Reading the other responses of how to make the next move in the insane game of politics/war makes me sick of our government and all others government.

    Bahrain: I assume the trouble in Bahrain is between the poor Shiite majority and the ruling Sunni monarchy, millionaire politicians, oil tycoons, and the banking hub owners. Similar to the troubles between America’s 99% and the 1% bastards.

    In the New York Times, Apr 4:

    “–The crackdown won a tactical and perhaps ephemeral victory through torture, arrests, job dismissals and the blunt tool of already institutionalized discrimination against the island’s Shiite Muslim majority.

    But in its wake, sectarian tension has exploded, economic woes have deepened and American willingness to look the other way has cast Washington as hypocritical. Taken together, the repression and warnings of radicalization may underline an emerging dictum of the Arab uprisings: violence begets violence.–”

    Appears that people have been illegally jailed and killed.

    But of course it’s the base for the United States Navy’s Fifth Fleet, an oil producing country, a major? banking hub and therefore the US looks the other way.

    So what if people are illegally jailed and killed.

    Would any of you willing sacrafice your home or a family member?

    The US looks the other way. The insane game of war and politics continues. It has to stop……………

  7. Re: Egypt, I wonder what would happen if things were allowed to evolve naturally, without outside meddling. I know that Egypt is too close, geographically, to Zionist occupied Palestine to be allowed to make its own decisions but it’s just something I wonder about.

  8. Another possible focal point of Arab Spring revolutionary activity is Algeria. The legislative elections on May 10 have a potential to spark a renewal of protests there.

    There are two possibilities for what will happen with the elections, both scenarios could act as catalysts for demands for change:

    1. The elections are massively rigged and/or heavily boycotted and thus the outcome is viewed as illegitimate and intolerable.

    2. The election results to some degree reflect popular opinion and turnout reaches a critical mass.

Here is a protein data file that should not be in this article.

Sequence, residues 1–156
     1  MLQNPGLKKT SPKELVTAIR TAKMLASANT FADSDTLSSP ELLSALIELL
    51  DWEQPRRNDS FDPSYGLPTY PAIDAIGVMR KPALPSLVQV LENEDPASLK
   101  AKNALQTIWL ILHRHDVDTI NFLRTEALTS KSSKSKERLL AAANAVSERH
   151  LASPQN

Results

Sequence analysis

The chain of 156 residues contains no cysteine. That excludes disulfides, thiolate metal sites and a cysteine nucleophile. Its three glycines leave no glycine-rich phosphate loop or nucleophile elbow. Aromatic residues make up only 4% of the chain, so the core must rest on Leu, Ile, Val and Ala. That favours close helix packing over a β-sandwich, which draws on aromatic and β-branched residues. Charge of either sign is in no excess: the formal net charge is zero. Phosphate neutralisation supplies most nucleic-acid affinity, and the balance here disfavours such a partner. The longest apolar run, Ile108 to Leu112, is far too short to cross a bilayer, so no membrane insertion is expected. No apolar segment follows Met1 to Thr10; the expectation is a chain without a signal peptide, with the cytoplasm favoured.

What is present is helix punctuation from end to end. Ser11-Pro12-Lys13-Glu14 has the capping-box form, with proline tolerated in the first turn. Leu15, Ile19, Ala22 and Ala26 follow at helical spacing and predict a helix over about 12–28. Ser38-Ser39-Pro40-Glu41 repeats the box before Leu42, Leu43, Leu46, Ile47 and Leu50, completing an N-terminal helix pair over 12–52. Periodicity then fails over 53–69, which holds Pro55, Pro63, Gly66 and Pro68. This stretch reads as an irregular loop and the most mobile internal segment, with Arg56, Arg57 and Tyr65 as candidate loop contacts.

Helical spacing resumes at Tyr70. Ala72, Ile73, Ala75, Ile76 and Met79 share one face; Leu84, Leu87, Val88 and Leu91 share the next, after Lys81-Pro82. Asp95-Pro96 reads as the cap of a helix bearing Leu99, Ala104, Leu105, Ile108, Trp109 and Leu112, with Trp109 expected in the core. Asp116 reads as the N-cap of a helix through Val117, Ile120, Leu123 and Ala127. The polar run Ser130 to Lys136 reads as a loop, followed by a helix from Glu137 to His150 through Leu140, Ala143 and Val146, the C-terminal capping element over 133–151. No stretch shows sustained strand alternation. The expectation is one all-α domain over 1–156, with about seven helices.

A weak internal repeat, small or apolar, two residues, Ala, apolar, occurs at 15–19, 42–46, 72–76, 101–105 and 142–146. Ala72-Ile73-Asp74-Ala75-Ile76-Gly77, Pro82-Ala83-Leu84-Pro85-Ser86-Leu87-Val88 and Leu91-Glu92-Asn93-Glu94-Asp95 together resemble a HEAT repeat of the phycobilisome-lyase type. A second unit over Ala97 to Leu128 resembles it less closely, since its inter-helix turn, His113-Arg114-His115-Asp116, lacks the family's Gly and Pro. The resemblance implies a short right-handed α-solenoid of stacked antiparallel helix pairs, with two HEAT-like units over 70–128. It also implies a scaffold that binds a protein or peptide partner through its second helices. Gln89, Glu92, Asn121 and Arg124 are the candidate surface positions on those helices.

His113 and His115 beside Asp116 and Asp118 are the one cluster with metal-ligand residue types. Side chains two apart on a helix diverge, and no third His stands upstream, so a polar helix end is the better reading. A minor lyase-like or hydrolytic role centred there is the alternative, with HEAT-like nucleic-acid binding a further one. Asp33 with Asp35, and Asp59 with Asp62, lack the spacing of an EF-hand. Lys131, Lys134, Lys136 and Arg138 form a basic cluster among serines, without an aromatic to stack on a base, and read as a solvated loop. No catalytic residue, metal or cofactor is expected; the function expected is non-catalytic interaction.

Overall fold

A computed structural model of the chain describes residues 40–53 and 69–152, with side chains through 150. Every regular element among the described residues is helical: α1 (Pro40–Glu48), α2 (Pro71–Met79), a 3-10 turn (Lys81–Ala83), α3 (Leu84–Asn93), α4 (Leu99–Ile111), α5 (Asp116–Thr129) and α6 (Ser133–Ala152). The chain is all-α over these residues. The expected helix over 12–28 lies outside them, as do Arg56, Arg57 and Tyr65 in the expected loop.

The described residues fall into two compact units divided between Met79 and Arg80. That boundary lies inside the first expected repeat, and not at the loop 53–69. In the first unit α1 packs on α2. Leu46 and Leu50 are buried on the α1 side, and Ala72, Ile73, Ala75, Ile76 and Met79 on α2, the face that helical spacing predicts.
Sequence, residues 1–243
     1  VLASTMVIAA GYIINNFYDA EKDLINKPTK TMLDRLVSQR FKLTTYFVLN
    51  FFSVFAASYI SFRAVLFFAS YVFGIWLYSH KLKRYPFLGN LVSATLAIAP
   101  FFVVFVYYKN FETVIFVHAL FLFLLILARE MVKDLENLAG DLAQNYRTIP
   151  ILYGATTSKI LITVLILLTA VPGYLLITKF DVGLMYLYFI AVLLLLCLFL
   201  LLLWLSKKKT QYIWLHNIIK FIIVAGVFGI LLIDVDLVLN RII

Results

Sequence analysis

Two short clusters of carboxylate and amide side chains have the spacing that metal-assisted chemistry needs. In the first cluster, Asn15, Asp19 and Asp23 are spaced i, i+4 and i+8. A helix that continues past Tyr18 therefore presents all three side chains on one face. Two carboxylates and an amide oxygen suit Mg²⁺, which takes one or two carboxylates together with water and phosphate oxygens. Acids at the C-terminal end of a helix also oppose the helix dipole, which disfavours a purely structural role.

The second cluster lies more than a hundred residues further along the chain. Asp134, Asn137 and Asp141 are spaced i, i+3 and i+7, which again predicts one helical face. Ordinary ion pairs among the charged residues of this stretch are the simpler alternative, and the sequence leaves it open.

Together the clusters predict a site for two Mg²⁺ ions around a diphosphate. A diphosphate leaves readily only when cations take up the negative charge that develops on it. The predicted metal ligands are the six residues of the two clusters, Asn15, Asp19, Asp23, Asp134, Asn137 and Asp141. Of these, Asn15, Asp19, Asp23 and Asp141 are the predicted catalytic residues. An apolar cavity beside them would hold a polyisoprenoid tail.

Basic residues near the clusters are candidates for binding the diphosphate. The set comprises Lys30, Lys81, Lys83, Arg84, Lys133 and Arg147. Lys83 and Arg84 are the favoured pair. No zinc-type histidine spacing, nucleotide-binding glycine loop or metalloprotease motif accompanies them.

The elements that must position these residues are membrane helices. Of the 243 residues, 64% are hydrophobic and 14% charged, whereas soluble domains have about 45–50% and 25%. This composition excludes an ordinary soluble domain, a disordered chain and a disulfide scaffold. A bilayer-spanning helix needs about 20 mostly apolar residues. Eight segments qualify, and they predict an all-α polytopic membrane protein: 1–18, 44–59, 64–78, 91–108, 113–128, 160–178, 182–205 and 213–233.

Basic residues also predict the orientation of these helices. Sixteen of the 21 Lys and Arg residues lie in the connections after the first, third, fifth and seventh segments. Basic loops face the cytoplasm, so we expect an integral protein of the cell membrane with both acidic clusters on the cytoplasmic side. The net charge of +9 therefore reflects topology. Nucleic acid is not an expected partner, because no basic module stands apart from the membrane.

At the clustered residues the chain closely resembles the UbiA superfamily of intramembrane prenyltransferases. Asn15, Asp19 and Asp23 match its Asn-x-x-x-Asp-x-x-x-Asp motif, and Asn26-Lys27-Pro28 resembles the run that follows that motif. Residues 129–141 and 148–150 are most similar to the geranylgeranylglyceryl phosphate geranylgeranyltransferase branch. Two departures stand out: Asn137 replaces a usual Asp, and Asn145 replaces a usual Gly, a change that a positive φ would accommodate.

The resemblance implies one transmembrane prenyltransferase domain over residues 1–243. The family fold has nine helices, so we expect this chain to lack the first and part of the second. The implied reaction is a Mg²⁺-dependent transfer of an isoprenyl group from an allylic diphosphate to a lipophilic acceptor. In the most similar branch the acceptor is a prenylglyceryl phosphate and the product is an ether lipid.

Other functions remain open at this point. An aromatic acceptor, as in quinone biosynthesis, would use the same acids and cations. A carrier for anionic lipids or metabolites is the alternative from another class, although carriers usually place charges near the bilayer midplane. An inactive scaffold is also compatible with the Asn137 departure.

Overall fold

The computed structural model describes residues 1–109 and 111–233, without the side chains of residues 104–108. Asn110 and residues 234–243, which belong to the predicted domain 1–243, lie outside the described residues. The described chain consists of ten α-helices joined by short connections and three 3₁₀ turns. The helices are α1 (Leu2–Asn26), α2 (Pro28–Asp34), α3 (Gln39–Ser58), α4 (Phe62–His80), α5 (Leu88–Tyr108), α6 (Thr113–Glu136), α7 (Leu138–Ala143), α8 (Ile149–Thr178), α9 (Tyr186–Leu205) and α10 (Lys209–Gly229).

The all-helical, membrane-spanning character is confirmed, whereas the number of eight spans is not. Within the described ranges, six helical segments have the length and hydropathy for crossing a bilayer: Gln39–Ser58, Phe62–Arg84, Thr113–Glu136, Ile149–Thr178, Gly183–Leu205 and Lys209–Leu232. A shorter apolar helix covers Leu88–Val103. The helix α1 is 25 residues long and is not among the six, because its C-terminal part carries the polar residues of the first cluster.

In the first scenario, public disaffection would be a compelling reason to seek revolutionary change, seeing as how such activity worked in Tunisia and Egypt. In the second case, demands would increase to transfer power to the parliament and allow the creation of a real, dictatorial cabinet. The ruling clique’s power and prestige would steadily erode if a sustained challenge is issued.

    Not saying that there inevitably will be an Algerian Spring in the next few months but a potential for such events does exist, in part because of the looming election.

  9. The Muslim Brotherhood is the parent organization to Hamas.

    Its ascension into a potentially controlling bloc within a future Egyptian government could be a boost to the citizens of Gaza. Egypt in pre-1967 days administered Gaza but did not garner a loyal following amongst mainstream Gazans.

    The Muslim Brotherhood has made a number of indications that it could be providing a supportive role in supplying utilities and other necessities for Gazans. A Gaza-Egypt alliance could be a tremendous boost to Gazans.

    It has been said, but never proven, that MI-6, the British intelligence service, was instrumental in the creation of Hamas in Gaza. It has also been believed the Irish Republican Army had furnished mercenaries to act as snipers in support of the Palestinian resistance while the Israel Defense Forces occupied Gaza prior to the 2005 withdrawal. The Israeli government actually contacted Britain for assistance they took the potential IRA matter so seriously. Nowadays, it is credibly believed that Iran is a major supplier of weaponry in support of various armed Islamic groups within Gaza. It also should be noted, however, that Iran would be more ideologically aligned with the more radical Islamic Jihad in Gaza than it would Hamas. Islamic Jihad and other extremist groups, such as Al-Qaeda and various other pro-Iranian splinter groups and clan leaders have enjoyed increased popularity in recent years in Gaza. So much so that Hamas leaders were recently being assassinated by these extremists; the once-influential Fatah is only a minor player in Gazan politics today.

    Ariel Sharon can be credited, by his Gaza military withdrawal in 2005 and his release of 900 Palestinian prisoners that year, with defusing the Second Intifada while giving Fatah in the West Bank and Hamas in Gaza political prestige. One of the Israeli goals in Operation Cast Lead and in implementing the sea blockade was to turn the Gazan public away from Hamas rule; ironicaly the Gazan public tended to support more extremist groups as a result.

    The prospect of Gaza being controlled by Islamic Jihad and its allies is scary to Israel. Their rocket attacks into southern Israeli cities such as Ashkelon and Sderot were literally applauded by Gazans as their spokesman told Netanyahu that they “wanted a war” – something Defense Minister Ehud Barak said he did not want. Cooler heads prevailed and a truce was reached. Israeli citizens affected by the rocket launches questioned whether a shutdown of southern Israeli cities was worth the cost of the IDF operation which triggered the rocket firings.

    Hamas is the most moderate and credible governing force in Gaza. While not perfect, they are certainly a better potential negotiation partner for peace than groups such as Islamic Jihad – who vow to destroy Israel and unabashedly extol terrorist means. The Obama administration should continue to place peace feelers to the Hmas leadership and a future Egyptian government controlled aby the Muslim Brotherhood could be invaluable to extending needed diplomatic and material assistance to Hamas to assist them in negotiating with Israel and stabilzing the shaky control Hamas has had internally due to Israeli interference and Islamic extremist actions.

    Khairat Shater could be the key future leader to help stabilize Hamas control of Gaza and urge peace with Israel in that region.